We are meant to move

If you ride the Marguerite shuttle service’s Palm Drive Express, this should sound familiar: late-comers cutting it close at the end of the day and running up to the bus just as it pulls off the curb, hopping on board and breathing heavily through a huge grin. For that brief moment, your co-worker is a kid again, giddy to get on the school bus and head for home.

By itself, bolting from the office to the Oval will not keep you young. But opportune moments throughout the day that get you moving can keep you spry. “Over a lifetime, regular physical activity helps maintain mobility, which is critical to quality of life,” says Dr. Anne Friedlander, Director of the Mobility Division at the Stanford Center on Longevity. Recent research also suggests that exercising regularly is one of the best ways to slow the progression of Alzheimer’s and Parkinson’s diseases.


Our bodies are built to move …

… Yet many of us still aren’t active enough. Friedlander suggests that part of the problem is modern life itself: driving to work, taking the elevator, sitting at a computer all day and watching television before bed. So we schedule an isolated event during the day to squeeze in physical activity — in other words, “getting in a workout.”

That’s why, all too often, you hear people complain about having to “drag” themselves to the gym. The workout feels forced, not particularly enjoyable, and before long it may become associated with discomfort or even pain. So instead of back to the gym, we may start going straight home. Now, no one is suggesting a mad dash to the bus every day. But there are other ways to get moving: choose the stairs over the elevator, forgo the golf cart and bike across campus, and embrace housekeeping and gardening at home. Remember: You won’t always feel up to the more active alternative, but you will feel better after you’ve done it.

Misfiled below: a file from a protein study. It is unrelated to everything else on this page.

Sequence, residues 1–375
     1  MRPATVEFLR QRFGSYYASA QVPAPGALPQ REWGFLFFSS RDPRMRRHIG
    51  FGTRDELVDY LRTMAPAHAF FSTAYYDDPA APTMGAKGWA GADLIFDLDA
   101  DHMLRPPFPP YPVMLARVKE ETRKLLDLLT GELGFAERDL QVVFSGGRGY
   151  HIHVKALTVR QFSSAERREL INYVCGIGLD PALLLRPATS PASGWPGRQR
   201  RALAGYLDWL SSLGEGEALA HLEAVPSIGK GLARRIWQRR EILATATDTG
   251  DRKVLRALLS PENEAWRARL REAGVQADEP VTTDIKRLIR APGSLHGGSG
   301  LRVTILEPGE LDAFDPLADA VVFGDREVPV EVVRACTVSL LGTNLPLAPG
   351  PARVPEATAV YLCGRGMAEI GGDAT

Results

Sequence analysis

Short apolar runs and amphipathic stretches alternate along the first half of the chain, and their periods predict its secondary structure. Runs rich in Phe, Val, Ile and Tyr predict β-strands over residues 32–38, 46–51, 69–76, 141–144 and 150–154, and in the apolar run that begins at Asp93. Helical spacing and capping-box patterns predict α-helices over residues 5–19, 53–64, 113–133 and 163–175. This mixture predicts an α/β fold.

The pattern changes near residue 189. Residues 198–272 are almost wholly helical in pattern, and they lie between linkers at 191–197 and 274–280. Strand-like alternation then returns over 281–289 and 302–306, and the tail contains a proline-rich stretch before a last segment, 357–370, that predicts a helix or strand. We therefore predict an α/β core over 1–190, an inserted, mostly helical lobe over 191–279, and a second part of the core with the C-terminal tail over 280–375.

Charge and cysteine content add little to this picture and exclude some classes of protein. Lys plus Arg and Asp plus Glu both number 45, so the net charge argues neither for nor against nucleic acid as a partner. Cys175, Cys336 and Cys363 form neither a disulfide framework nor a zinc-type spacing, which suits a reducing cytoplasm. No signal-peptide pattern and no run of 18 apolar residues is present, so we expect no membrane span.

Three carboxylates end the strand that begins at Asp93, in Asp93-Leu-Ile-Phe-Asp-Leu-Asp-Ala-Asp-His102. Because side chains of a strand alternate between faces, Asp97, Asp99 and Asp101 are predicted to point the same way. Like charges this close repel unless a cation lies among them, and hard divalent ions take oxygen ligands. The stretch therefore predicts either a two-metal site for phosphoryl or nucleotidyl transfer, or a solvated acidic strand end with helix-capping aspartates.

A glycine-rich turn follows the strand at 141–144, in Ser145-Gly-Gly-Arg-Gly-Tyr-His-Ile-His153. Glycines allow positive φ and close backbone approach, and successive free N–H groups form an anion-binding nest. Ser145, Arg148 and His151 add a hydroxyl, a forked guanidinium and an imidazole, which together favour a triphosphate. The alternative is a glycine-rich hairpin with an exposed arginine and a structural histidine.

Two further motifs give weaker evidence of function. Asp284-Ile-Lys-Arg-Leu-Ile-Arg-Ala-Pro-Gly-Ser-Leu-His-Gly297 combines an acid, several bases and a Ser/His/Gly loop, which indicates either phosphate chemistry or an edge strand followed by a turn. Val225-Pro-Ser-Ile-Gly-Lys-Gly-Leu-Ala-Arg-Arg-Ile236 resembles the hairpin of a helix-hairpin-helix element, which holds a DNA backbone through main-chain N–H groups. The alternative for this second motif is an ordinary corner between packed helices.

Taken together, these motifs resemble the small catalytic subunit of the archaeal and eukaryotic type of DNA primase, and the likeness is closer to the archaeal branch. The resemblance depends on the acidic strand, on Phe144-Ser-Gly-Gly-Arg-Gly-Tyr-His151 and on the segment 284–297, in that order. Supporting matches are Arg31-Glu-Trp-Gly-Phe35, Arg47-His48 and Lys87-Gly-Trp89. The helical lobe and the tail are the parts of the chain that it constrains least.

Start with incremental improvements

And if your lifestyle now is mostly sedentary, here’s the good news: you have the most to gain when you start making changes to your daily routine. World-class athletes have to train hard for incremental improvements. Meanwhile, the couch potato — perhaps ironically — sees results once he turns off the TV, starts washing the plates by hand and takes an after-dinner stroll around the block. And, while these changes to lifestyle activity won’t maximize his physical fitness, they may provide a practical target for health improvement.

“Remember,” Friedlander says, “every step counts, and over the long run, small, consistent changes can make a big difference.”


Stretch for flexibility

Flexibility also plays a large role in maintaining mobility. Granted, when done improperly or overzealously, stretching can do a number on tendons and muscles. But doing moderate flexibility exercises to maintain range of motion means you’ll still be able to reach for that top shelf and clip your own toenails as you get older. Another truism: it’s much easier to maintain range of motion than to get it back.


Targeted training

Lastly, a strategy to keep in mind is “training your deficits.” If you have parents or older siblings who have become physically slower or weaker over the years, take note of specifically how — and then train those specific attributes while you still possess them. As a bonus, you can share what you’ve learned with your family.

Interview conducted by Julie Croteau and edited by Lane McKenna Ryan.